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Title: Anaesthetists' experiences with the early labour epidural recommendation for obese parturients: a qualitative study.
Authors: Eley, V A
Callaway, L K
van Zundert, A A J
Lipman, J
Gallois, C
Issue Date: 2016
Source: Anaesthesia and intensive care 2016; 44(5): 620-7
Abstract: Caring for obese pregnant women presents challenges for all medical professionals. Despite a lack of supporting evidence, expert opinion and international guidelines suggest early labour epidural insertion for obese women. Anecdotally this is not supported by all anaesthetists. This qualitative study explored the experiences of anaesthetists regarding early epidural analgesia in obese parturients, to answer the research question: Are anaesthetists consistent in how they apply early epidural analgesia in obese parturients? Personal in-depth interviews with 42 specialist anaesthetists working in south-east Queensland, Australia, were completed between February and April, 2015. Leximancerâ„¢ text analysis software applied a validated algorithm to the data to identify themes and concepts. The major themes were explored by the first author to answer the research question. Three major themes were identified: the demands associated with caring for obese women; concern regarding the anaesthetic technique used in obese women; and the importance of communication with obstetric staff. Disagreement regarding interpretation and application of early epidural analgesia was identified within this group of anaesthetists. These anaesthetists were inconsistent in how they interpreted and applied early epidural analgesia for obese parturients, with some questioning the validity of the practice. The combination of uncertainty, urgency and technical difficulty presented by obese parturients provoked anxiety in these clinicians, particularly the anticipation of unplanned general anaesthesia. Consistent anaesthetic practice could improve the implementation of early epidural analgesia in obese parturients.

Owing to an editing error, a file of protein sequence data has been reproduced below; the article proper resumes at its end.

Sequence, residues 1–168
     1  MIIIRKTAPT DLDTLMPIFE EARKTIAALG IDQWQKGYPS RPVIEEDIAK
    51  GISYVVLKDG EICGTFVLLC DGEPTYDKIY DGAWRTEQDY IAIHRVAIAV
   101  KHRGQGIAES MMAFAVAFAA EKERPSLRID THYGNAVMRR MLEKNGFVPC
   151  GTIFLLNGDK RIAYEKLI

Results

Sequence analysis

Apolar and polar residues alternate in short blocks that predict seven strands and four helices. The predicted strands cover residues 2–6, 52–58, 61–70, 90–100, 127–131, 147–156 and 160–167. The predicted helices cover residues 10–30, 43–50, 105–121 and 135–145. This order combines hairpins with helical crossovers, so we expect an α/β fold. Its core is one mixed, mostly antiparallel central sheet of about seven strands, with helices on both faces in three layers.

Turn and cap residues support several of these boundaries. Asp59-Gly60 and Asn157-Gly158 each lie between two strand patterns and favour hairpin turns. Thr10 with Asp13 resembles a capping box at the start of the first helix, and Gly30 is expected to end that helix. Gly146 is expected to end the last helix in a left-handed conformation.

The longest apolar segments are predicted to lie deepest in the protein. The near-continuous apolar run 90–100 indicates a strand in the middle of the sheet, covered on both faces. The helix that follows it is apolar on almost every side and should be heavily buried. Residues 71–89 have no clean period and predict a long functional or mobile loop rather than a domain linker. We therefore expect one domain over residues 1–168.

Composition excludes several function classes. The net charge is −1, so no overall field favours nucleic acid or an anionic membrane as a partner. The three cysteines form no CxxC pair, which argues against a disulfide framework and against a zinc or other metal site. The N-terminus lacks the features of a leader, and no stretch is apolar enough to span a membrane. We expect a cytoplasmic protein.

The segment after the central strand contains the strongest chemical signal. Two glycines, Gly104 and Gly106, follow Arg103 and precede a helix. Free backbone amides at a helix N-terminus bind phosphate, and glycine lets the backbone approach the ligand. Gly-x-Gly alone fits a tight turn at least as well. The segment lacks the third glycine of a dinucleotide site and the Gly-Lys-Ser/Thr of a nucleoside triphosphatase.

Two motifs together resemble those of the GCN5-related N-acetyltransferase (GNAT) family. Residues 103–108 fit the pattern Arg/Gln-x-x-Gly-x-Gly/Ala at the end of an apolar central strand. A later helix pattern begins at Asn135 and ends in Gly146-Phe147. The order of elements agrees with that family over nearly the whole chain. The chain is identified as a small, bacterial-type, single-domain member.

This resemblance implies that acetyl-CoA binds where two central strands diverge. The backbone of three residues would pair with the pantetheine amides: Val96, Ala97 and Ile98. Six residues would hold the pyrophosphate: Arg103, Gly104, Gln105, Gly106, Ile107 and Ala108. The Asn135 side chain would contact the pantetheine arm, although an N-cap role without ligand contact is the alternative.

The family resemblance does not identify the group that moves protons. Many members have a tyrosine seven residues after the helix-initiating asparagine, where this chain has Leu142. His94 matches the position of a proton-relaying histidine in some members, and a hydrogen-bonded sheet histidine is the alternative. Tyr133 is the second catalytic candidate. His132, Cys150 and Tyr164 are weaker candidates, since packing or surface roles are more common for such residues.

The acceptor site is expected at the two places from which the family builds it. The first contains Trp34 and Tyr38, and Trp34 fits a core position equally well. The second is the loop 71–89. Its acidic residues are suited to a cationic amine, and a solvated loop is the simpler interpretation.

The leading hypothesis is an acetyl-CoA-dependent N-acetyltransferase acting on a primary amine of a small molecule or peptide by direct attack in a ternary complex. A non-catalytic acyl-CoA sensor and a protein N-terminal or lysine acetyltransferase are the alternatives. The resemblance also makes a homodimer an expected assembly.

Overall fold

PubMed URL:
ISSN: 0310-057X
Journal Title: Anaesthesia and intensive care
Type: Journal Article
Research Support, Non-U.S. Gov't
Appears in Collections:Scholarly and Clinical

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